The other thing to mention is that my spanish sucks. It´s a great disappointment given the number of years I have devoted to learning it, but it has to be said. They did a little interview with us and places us in groups, and I was sort of miffed to have been placed in Intermedio Medio, which is exactly in the middle. But a couple hours with my host family verified for me that even though I might attempt a fancy pluscaimperfecto construction and pull it off from time to time, basic past tense conjugations still sometime confound me. Damn it all. I guess that is why I am here.

There are internet cafes here in town, so I´ll definitely get in to check on them every few days. Stay tuned for updates.

Wednesday, June 21, 2006

Business Casual

The Peace Corps is making a push to make their volunteers dress better so we have had lots of lectures about collared t-shirts and the perils of jeans when we get off the airplane in Quito. I'm surrounded by a sea of freshly scrubbed young adults with alarmingly large piles of luggage. We go to the airport in just a few minutes.

Tuesday, June 20, 2006

Batten down the hatches

My apartment seems to have been sublet, my cat is deposited in my parents' home, and I've gotten through orientation in a Crystal City, Virginia hotel. We are off to Ecuador tomorrow.

Sunday, June 18, 2006

Mad Feline

So one of the major narrative lines of the last few months has been where my cat George was going to go to when I go to Ecuador. When my parents offered to take him as a solution of last resort, I don't think that they actually realized that last resorts were what we were going to be dealing with, but that is in fact what happened. This all sounds well and good on the face of it, but over the years, George has proved to be, how do you say it...terrifying. He is often sweet and cuddly, but there are times when you would swear that you were in a Stephen King movie where the force of darkness have taken over in the shape of my 20 lb. black cat. I usually throw him in the other room and after a little while he goes back to being a normal animal, but it made him a sort of tough sell. Who wants a cat who will only jump on you and scratch you once and awhile?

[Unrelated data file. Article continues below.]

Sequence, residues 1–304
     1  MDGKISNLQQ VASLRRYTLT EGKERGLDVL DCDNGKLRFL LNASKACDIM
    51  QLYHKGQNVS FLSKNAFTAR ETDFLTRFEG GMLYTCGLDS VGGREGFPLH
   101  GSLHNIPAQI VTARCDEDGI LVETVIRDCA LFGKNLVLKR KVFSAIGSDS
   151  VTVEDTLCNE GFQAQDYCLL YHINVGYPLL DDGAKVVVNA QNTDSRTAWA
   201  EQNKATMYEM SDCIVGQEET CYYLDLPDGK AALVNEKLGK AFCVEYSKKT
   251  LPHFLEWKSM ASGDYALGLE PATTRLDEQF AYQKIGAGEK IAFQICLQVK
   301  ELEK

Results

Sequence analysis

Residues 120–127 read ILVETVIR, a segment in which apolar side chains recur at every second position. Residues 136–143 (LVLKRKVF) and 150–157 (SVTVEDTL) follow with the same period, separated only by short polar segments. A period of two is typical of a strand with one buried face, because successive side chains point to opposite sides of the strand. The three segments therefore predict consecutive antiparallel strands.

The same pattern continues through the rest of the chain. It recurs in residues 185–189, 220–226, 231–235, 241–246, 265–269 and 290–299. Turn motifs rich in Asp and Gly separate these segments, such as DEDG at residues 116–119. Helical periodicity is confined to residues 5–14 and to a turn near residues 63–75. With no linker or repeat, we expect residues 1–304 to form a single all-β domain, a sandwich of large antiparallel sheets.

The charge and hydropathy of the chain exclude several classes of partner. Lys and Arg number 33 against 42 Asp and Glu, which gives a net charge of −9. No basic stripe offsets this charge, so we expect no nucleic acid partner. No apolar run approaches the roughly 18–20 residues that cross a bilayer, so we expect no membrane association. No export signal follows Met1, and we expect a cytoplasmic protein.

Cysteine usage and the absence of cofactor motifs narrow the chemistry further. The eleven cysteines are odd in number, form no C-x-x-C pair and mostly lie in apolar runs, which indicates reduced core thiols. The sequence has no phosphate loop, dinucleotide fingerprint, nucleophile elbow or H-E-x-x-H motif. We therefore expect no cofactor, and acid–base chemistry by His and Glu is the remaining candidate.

So, I wasn't so jazzed about my parents dealing with this, but there you are. All other takers and options had exhausted themselves so I called up Mom and Dad to see if they were serious about their offer. It turns out they weren't really, but the nice thing about parents is that it often doesn't matter once the offer has been put on the table.

In this way it came to pass that I was in La Guardia airport with a gigantic backpack and a pet carrier that weighed almost as much. Everything was going fine so far, I had checked him in and paid the pet fee, and was working my way through security. Says the security agent to me, "Put the carrier on the x-ray machine belt and take him out to carry him through the checkpoint."